COMPARATIVE STUDY
JOURNAL ARTICLE

The involuntary civil commitment of mentally ill persons in the United States and Romania: a comparative analysis

Sana Loue
Revista Românǎ de Bioeticǎ 2003, 1 (1): 55-88
15011669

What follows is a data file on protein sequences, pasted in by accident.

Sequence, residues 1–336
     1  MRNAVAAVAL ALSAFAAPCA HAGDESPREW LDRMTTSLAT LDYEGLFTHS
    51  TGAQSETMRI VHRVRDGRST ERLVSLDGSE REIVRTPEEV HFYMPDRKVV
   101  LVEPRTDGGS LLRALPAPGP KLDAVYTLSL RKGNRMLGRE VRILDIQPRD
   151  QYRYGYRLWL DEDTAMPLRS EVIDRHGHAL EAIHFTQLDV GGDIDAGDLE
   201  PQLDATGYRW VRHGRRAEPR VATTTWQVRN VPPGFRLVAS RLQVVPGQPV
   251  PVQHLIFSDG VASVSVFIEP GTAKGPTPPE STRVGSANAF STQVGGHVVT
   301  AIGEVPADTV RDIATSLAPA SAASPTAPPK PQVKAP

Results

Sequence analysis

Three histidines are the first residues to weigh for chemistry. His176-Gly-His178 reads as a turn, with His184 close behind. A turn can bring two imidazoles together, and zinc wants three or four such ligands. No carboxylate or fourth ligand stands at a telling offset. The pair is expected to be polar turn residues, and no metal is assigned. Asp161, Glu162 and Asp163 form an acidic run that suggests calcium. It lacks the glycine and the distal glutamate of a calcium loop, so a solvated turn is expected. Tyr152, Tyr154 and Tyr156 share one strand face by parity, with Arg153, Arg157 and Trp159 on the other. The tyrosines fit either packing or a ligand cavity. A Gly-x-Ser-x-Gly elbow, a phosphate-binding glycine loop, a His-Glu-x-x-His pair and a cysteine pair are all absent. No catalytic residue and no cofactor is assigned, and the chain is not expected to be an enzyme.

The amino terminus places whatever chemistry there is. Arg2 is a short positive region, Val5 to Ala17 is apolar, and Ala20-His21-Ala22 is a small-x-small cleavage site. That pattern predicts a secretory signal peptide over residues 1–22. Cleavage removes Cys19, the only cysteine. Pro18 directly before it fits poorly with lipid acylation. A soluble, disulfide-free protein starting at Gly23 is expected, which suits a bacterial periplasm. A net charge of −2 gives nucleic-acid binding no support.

The law and policy relating to the civil commitment of mentally ill persons in the United States and Romania are currently undergoing significant changes. While many jurisdictions in the United States are moving towards increasing emphasis on various forms of outpatient civil commitment, Romania is contemplating a restructuring of its commitment procedures to conform to international principles of human rights and to resemble more closely the United States model of commitment and care. A comparison of the procedures and standards for the involuntary civil commitment of mentally ill persons under each system is, consequently, timely. This article begins with a discussion of how mental illness is defined and identified clinically in a cross-cultural context. The article then examines the legal meaning of mental illness in the civil context in the United States and Romania, focusing on the implications of these meanings for the civil commitment of persons deemed to be mentally ill. Current models, standards, and procedures for the civil commitment of persons deemed to be mentally ill are described, using schizophrenia as a case example. The article concludes with an analysis of the strengths and weaknesses of each system and the arguments that provide the basis for the current reform efforts.

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